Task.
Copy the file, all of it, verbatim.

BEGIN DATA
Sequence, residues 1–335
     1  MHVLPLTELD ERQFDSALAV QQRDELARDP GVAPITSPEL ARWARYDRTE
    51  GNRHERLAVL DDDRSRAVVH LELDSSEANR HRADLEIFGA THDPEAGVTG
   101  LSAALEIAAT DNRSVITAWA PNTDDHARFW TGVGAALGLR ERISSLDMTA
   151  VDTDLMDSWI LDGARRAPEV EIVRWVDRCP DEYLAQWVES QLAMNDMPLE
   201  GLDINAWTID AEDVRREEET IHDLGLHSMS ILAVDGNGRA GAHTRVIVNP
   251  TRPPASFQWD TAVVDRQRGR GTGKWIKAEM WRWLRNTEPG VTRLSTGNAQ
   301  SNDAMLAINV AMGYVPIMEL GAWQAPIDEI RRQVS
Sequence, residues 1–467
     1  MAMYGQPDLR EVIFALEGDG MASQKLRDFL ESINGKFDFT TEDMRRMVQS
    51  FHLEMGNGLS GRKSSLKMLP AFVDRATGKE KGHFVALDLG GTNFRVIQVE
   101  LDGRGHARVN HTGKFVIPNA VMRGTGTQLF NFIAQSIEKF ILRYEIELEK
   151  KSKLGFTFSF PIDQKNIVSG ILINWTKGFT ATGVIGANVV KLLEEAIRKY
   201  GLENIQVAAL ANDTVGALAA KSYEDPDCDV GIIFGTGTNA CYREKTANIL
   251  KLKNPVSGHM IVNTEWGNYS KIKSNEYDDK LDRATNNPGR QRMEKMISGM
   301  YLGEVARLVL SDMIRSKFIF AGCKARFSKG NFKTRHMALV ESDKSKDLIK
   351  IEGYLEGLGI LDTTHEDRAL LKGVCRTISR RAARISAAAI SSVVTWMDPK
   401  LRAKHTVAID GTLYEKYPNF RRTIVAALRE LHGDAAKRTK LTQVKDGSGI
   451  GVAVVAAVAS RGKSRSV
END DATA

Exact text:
Sequence, residues 1–335
     1  MHVLPLTELD ERQFDSALAV QQRDELARDP GVAPITSPEL ARWARYDRTE
    51  GNRHERLAVL DDDRSRAVVH LELDSSEANR HRADLEIFGA THDPEAGVTG
   101  LSAALEIAAT DNRSVITAWA PNTDDHARFW TGVGAALGLR ERISSLDMTA
   151  VDTDLMDSWI LDGARRAPEV EIVRWVDRCP DEYLAQWVES QLAMNDMPLE
   201  GLDINAWTID AEDVRREEET IHDLGLHSMS ILAVDGNGRA GAHTRVIVNP
   251  TRPPASFQWD TAVVDRQRGR GTGKWIKAEM WRWLRNTEPG VTRLSTGNAQ
   301  SNDAMLAINV AMGYVPIMEL GAWQAPIDEI RRQVS
Sequence, residues 1–467
     1  MAMYGQPDLR EVIFALEGDG MASQKLRDFL ESINGKFDFT TEDMRRMVQS
    51  FHLEMGNGLS GRKSSLKMLP AFVDRATGKE KGHFVALDLG GTNFRVIQVE
   101  LDGRGHARVN HTGKFVIPNA VMRGTGTQLF NFIAQSIEKF ILRYEIELEK
   151  KSKLGFTFSF PIDQKNIVSG ILINWTKGFT ATGVIGANVV KLLEEAIRKY
   201  GLENIQVAAL ANDTVGALAA KSYEDPDCDV GIIFGTGTNA CYREKTANIL
   251  KLKNPVSGHM IVNTEWGNYS KIKSNEYDDK LDRATNNPGR QRMEKMISGM
   301  YLGEVARLVL SDMIRSKFIF AGCKARFSKG NFKTRHMALV ESDKSKDLIK
   351  IEGYLEGLGI LDTTHEDRAL LKGVCRTISR RAARISAAAI SSVVTWMDPK
   401  LRAKHTVAID GTLYEKYPNF RRTIVAALRE LHGDAAKRTK LTQVKDGSGI
   451  GVAVVAAVAS RGKSRSV